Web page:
Pesto My Way

Do you have a favorite pasta sauce?  I do.  It's pesto.  To my mind, the pure flavor of basil, pine nuts, extra virgin olive oil & a bit of garlic and cheese makes it the perfect pasta sauce.  These days there are so many things labeled "pesto" in cookbooks and at supermarkets, that I think we tend to forget the original Genoese version.  The basil should be farmer's market or garden fresh, the extra virgin olive oil should be your favorite kind (I like Spanish) and the Parmesan should be grated by hand (the kind you find in a can doesn't work).  I actually had to take measurements to provide you with a recipe, but I normally just eyeball it when I make this at home.  I keep it on hand at all times because it's so delicious.  Let me show you how easy it is to make.

The Ingredients

  • 2 packed cups fresh basil, washed and dried--organic of possible
  • 2 garlic cloves, minced or pushed through a garlic press
  • 2 tablespoons pine nuts--almonds or walnuts can be substituted
  • 1/2 cup extra virgin olive oil
  • 6 tablespoons freshly grated Parmigiano Reggiano
  • 2 big pinches of coarse kosher salt
  • 1 pinch of freshly cracked pepper

Place your basil, nuts and garlic in the bowl of your food processor.  Pulse until coarsely chopped.  Add your cheese, salt and pinch of pepper.

With the machine running, add your extra virgin olive oil until the mixture is smooth.  This doesn't even take a minute.

This is your finished sauce.  Bright green and pungent.  You can use this right away or you can store it in the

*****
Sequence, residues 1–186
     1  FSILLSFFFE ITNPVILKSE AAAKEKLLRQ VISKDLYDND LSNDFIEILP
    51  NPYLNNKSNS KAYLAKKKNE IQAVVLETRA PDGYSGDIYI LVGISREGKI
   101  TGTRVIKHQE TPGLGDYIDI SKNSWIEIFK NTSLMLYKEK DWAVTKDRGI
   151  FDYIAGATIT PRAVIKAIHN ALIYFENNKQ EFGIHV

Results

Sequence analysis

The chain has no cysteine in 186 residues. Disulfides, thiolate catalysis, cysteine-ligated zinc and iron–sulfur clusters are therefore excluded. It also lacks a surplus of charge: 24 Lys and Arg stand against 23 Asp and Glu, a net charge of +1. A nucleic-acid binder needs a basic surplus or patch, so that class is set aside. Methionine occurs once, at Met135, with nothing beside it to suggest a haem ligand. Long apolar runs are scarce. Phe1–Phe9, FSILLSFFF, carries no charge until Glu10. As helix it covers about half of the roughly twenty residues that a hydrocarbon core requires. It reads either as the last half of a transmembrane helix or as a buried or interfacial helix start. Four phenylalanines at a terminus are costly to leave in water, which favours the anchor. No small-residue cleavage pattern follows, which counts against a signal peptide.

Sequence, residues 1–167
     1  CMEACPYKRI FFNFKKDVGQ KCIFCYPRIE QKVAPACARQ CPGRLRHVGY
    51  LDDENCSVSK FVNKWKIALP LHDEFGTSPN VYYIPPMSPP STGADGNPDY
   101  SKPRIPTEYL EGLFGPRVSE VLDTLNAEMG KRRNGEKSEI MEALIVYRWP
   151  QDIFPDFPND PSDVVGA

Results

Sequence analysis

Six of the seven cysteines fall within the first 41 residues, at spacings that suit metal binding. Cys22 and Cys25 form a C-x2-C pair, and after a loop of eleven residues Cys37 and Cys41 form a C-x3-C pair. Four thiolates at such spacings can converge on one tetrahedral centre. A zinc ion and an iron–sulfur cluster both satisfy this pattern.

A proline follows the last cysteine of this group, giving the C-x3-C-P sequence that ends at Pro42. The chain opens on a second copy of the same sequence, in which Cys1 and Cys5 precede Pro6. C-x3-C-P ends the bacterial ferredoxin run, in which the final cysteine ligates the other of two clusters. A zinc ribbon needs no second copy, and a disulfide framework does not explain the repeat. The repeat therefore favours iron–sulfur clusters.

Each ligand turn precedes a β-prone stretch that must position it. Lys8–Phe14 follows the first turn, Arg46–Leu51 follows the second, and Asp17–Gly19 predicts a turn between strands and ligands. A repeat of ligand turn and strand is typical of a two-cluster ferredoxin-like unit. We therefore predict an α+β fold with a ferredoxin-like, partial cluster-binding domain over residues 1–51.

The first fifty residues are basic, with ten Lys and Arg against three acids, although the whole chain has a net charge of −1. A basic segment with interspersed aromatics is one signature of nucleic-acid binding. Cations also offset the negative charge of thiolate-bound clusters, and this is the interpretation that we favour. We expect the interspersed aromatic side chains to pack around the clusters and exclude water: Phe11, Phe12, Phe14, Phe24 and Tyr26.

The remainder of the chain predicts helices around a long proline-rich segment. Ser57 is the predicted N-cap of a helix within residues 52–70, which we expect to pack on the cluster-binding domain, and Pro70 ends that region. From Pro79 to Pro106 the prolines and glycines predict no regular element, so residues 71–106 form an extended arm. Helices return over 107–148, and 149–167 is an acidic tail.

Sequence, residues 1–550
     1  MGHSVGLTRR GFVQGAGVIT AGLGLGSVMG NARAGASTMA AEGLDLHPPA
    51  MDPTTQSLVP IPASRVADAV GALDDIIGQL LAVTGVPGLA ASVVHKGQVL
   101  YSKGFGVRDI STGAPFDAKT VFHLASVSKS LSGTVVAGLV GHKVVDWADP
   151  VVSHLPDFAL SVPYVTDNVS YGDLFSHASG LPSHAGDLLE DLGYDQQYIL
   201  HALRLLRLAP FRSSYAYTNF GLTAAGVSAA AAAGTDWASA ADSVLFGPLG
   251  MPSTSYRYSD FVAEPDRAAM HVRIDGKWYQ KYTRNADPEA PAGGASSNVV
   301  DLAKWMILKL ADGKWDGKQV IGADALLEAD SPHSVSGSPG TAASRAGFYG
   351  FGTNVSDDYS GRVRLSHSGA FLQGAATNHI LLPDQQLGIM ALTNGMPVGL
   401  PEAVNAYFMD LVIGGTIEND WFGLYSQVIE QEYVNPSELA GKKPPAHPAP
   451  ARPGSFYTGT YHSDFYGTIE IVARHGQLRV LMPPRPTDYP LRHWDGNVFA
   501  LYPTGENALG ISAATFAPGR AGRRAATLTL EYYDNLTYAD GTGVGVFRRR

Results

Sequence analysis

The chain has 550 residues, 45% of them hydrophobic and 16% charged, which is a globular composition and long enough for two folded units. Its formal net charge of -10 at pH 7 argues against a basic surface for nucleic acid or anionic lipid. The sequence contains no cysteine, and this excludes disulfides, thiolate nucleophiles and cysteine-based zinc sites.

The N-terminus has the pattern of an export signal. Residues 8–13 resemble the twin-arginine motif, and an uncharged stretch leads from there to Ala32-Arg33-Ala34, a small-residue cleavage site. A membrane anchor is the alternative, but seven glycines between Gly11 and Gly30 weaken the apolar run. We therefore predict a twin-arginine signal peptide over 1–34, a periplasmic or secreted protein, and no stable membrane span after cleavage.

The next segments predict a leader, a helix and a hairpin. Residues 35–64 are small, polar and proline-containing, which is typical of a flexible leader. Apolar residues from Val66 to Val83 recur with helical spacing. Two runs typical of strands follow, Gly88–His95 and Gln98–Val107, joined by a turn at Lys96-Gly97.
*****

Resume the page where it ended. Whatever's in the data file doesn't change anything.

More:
refrigerator for a few days.  If you're going to store it or use it in a few hours, I strongly suggest you put a piece of plastic wrap on the surface of the sauce or it will turn a muddy brown color.

I always freeze mine to have on hand.  Simply divide the sauce into an ice cube tray and place in the freezer.  Once frozen, remove the cubes and store in a resealable freezer bag.  One cube is enough for about 4 oz. of pasta.  Some cooks will frown upon the fact that I add the cheese & then freeze the sauce, but I've been doing it this way for over a decade & it has always tasted good to me.

This favorite sauce of mine is suitable for so many types of pasta shapes.  I prefer to have it on linguine or thin spaghetti, but I've been known to throw it on rotini, bucatini, orzo, farfalle, penne, orecchiette and even ravioli.  Don't limit yourself to pasta though.  Try it on boiled potatoes or perhaps some steamed asparagus.  A few dollops of this on bruschetta or on a slice of pizza also works well.  Enjoy it and Buon Appetito!


  1. This looks really good. If your pesto turns that brown color, does it mean you shouldn't eat it? Thanks!

  2. No, you can still eat your pesto if it turns that color. It just doesn't look too appetizing on a plate. Putting plastic wrap on the surface of the sauce, if you're not using it right away or putting a film of olive oil to cover it, will keep your pesto bright green. Enjoy!

  3. Hello David,
    This post is very nice. The food is very delicious to look at. I can't wait to try this. Thank you for sharing the ingredients and recipe. Hope your next recipe will published soon.

    1. Thanks Zoniv, I think you're going to like this pesto. It's my favorite pasta sauce for linguine, thin spaghetti, angel hair pasta or even penne.


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